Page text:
Wednesday 7 December 2016

Migrants locked in football stadium on Greek island of Kos

Published 12/08/2015 | 11:53

A migrant tries to climb a wall to enter a stadium on Kos (AP)
A migrant tries to climb a wall to enter a stadium on Kos (AP)
Life vests left behind by migrants on left a deflated dinghy as children play on the beach after crossing from Turkey to the Greek island of Kos (AP)

More than 1,000 refugees, locked in a sunbaked football stadium without food, drinking water or sanitation, queued for hours to register with Greek authorities on the island of Kos.

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After sending police reinforcements, the government promised to charter a commercial ship to house up to 2,500 immigrants on the island where authorities have been overwhelmed by a spike in arrivals.

Alekos Flambouraris, an aide to the prime minister, said the vessel would be used to provide shelter and check documents. More details of the plan were to be announced tomorrow, his office said.

The order to charter the ship was given after violence broke out in front of a police station on the holiday island, where migrants were lining up to receive temporary residence documents.

Greece has become the main gateway to Europe for tens of thousands of refugees and economic migrants, mainly Syrians fleeing war, as fighting in Libya has made the alternative route from north Africa to Italy increasingly dangerous. Nearly 130,000 people have arrived since January on the eastern Aegean Sea islands from nearby Turkey - a 750% increase over last year.

Kos mayor Giorgos Kyritsis welcomed the promised ship, but complained that the radical left-led government did little to help his island until Mr Flambouraris stepped in.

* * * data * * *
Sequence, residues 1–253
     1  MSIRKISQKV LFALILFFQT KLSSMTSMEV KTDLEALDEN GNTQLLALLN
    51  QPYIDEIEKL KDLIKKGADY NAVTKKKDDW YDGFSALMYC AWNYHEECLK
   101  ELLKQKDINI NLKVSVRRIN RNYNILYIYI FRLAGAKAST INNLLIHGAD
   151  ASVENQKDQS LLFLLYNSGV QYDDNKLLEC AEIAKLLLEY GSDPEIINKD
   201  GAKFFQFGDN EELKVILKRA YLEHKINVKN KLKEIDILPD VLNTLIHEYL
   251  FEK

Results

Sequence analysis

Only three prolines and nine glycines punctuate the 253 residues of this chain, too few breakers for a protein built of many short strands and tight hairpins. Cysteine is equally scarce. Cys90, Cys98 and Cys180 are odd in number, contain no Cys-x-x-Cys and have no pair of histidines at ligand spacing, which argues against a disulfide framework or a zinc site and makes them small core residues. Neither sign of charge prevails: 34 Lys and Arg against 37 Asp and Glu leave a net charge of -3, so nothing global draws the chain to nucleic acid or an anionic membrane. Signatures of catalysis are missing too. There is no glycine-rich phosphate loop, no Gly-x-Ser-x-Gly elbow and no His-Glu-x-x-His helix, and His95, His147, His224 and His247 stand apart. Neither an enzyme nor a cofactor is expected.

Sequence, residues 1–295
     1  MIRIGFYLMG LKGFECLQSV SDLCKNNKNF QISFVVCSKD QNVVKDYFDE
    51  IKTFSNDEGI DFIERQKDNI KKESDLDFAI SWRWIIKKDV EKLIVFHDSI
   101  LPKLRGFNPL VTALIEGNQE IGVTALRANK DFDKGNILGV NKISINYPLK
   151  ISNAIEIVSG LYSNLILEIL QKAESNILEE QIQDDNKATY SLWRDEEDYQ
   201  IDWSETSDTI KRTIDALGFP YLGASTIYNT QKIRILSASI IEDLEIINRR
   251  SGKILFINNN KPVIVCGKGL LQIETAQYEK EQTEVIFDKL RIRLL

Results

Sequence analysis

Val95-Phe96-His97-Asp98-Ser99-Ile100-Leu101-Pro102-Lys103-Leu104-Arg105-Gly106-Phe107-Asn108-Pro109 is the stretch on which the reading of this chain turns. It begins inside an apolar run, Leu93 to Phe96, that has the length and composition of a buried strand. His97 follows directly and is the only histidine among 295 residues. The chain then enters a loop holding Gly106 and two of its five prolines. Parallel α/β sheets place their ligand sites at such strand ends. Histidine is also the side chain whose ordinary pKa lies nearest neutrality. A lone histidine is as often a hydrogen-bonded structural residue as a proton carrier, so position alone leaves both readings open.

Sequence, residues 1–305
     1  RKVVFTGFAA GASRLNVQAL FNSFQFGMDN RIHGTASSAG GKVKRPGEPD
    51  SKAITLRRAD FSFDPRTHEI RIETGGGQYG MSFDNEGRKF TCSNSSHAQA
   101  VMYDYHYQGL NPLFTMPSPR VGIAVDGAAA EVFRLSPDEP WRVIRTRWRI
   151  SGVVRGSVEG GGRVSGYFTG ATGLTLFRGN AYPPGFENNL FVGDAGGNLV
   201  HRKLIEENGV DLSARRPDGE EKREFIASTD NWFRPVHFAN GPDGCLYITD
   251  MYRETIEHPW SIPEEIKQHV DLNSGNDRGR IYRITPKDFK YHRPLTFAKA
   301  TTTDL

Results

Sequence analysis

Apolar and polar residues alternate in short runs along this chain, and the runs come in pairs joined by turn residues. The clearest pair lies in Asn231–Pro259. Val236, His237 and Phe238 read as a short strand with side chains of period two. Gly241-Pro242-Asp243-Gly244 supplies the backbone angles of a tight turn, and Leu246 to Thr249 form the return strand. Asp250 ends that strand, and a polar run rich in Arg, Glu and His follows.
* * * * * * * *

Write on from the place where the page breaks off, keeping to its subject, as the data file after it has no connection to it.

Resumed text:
"The government was asleep," he told private Skai TV. "How come (now) we can talk normally with one minister?"

Tourism-reliant Kos, which received 7,000 migrants last month and has seen tourist arrivals drop by about 7% this year, is a stark study in contrasts.

Boatloads of refugees arrive at dawn - as the last of the revellers are straggling out of night clubs and joggers run along the seafront. Mega yachts and cruise ships anchor just off the detention centre, refugees sleep on bicycle lanes forcing cycling tourists to swerve, and bikini-clad visitors stroll along next to a man in a traditional Iraqi dress.

Scores of Syrians landed early today, crossing the 2.5-mile strait from Turkey in rubber boats - which, in many cases, local men rush to carry away for their own use.

"I feel good to be here, but I still miss my family" in Syria, said Omar Mohammad, a 25-year-old English literature graduate from Aleppo.

He said the three-hour crossing from Turkey was his third attempt to reach Greece in four days. On two previous occasions, Turkish officials had prevented him from leaving.

Unlike during past immigration crises in Greece since the early 1990s, this time the refugees don't want to stay. Their destinations are wealthy countries such as Germany or the Netherlands, and all they seek from Greece is temporary travel papers to continue their trek through the Balkans and central Europe.

So they end up in the old football stadium or outside on the beachfront, in tents, or under trees.

Inside the stadium, three police clerks were struggling to register hundreds of refugees, and for the second day used fire-extinguishers to control the jostling crowd. An estimated 300 travel documents were handed out by early afternoon.

The office on Kos for Doctors Without Borders, the medical charity, strongly deplored the conditions in the stadium, where most refugees were sent after being evicted from makeshift camps all around the town.

"What we see now is a completely disproportionate focus on security management of these people without the relative humanitarian assistance that they need," said Vangelis Orfanoudakis from the charity.

"There are just two toilets. No access to water. They now have put a water hose for all the people, the situation is really dramatic," he said.

Press Association

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